Most recently, Schuckit et al. (2005a) used data on 1,106 12- to 13-year-old kids who were evaluated in person as part of the Avon Longitudinal Study of Parents and Children. Among those young teen-agers, 80 (7.3%) reported ever having consumed at least one standard drink. Information about their alcohol and other substance use and problems was obtained using a structured interview and low level of response as assessed by the SRE questionnaire.
"The study had to do with a very simple question," said Schuckit. "The question is: At age 12, if you have a low response to alcohol on this questionnaire, do you drink more?" The answer was yes.
The researchers concluded that among the 80 young teen-agers, a low level of response (or the need for more drinks to achieve an effect) correlated best with the maximum number of drinks they ever consumed and had more modest, but still significant, correlations with the drinking frequency over the prior six months and the number of alcohol problems ever experienced.
While Schuckit has focused on a low level of response to alcohol as a risk factor for alcoholism, other researchers are exploring different characteristics that may be genetically influenced.
"In some families, what is being inherited is impulsivity that is increasing the risk for alcoholism, drug dependence, gambling and violence. In other families, there is no increased impulsivity, yet there is alcoholism, and it is probably related to the level of response to alcohol," he said. "What I study, and the genes that I am going to find related to the low response as a risk factor for alcoholism, probably have nothing at all to do with impulsivity. Then, there are genes that relate to how you metabolize alcohol, which have not very much to do with what I am studying and have nothing to do with impulsivity, but do affect the alcoholism risk, and so on."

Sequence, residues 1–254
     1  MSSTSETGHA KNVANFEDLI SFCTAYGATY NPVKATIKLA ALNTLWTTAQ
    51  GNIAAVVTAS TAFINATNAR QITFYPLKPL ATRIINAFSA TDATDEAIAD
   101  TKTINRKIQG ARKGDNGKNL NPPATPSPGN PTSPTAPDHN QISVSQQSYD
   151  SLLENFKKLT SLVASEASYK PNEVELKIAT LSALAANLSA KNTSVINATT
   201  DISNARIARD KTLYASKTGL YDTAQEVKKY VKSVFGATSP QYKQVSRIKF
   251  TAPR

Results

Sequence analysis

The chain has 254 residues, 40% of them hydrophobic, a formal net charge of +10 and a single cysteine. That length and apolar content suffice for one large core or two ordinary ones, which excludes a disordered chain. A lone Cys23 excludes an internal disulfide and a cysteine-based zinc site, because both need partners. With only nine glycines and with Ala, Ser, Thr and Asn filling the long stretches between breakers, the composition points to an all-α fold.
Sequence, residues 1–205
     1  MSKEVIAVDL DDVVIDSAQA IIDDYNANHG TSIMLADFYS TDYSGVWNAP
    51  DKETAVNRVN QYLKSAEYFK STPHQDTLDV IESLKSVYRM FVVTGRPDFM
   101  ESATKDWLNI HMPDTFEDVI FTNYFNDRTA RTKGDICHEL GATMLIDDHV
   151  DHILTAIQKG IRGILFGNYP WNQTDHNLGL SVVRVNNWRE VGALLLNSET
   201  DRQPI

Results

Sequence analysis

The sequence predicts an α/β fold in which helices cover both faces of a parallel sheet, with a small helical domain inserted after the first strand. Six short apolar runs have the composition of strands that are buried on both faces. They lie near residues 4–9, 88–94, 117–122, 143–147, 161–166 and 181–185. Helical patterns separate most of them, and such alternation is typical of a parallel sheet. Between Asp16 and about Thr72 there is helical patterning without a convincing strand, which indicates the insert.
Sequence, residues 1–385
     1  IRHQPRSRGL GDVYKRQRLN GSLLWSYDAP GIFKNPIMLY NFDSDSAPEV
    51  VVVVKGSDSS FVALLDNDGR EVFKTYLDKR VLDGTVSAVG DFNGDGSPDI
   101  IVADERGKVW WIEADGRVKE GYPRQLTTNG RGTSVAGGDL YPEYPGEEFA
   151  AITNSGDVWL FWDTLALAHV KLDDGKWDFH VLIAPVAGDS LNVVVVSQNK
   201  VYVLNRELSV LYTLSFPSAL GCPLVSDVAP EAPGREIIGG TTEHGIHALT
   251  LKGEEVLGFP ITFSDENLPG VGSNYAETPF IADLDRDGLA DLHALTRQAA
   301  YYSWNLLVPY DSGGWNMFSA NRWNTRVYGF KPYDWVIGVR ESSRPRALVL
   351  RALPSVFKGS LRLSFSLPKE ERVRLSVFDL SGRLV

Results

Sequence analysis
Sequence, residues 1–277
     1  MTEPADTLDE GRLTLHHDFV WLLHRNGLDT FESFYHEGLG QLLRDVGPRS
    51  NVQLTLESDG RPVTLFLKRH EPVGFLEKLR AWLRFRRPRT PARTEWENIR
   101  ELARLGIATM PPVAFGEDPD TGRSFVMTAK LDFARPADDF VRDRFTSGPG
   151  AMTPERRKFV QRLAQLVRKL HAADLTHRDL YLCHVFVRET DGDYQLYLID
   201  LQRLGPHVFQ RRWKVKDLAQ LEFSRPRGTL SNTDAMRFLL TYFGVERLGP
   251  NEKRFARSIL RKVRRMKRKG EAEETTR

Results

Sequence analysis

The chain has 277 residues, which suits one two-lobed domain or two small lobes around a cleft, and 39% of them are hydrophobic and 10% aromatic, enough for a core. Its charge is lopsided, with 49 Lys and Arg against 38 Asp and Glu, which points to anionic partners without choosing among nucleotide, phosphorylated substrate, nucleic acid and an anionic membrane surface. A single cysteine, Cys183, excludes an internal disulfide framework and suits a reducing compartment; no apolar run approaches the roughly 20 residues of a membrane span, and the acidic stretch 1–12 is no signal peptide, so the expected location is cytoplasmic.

The long-range implication of his own and others' research on the genetics of alcoholism, Schuckit said, is prevention. If he can find a characteristic that increases the alcoholism risk and then study people who have that characteristic but do not become alcoholic, he could possibly determine what in their environment protects them.
In recognition of his many contributions to research, Schuckit has received numerous awards, including the President's Award from the American Psychiatric Association in 1972, the Distinguished Scientist Award from the Research Society on Alcoholism in 1993, the Middleton Award in 1997, and the Lifetime Achievement Gold Medal Award from the Society of Biological Psychiatry, presented this year.
Expressing his ideas about training, Schuckit said that one major step toward increasing the diagnosis and treatment of individuals with alcoholism is "to train physicians, nurses, psychologists and other clinicians that their stereotype of what the alcoholic is, is dead wrong."
For example, he explained, the lifetime rate for alcoholism among male graduates of medical schools is roughly the same as for males in the general population, only the graduates are somewhat more functional.
Another aspect of training, he said, is enhancing the clinician's awareness of needing to screen for alcohol and drug dependence in every patient or client who walks into the office.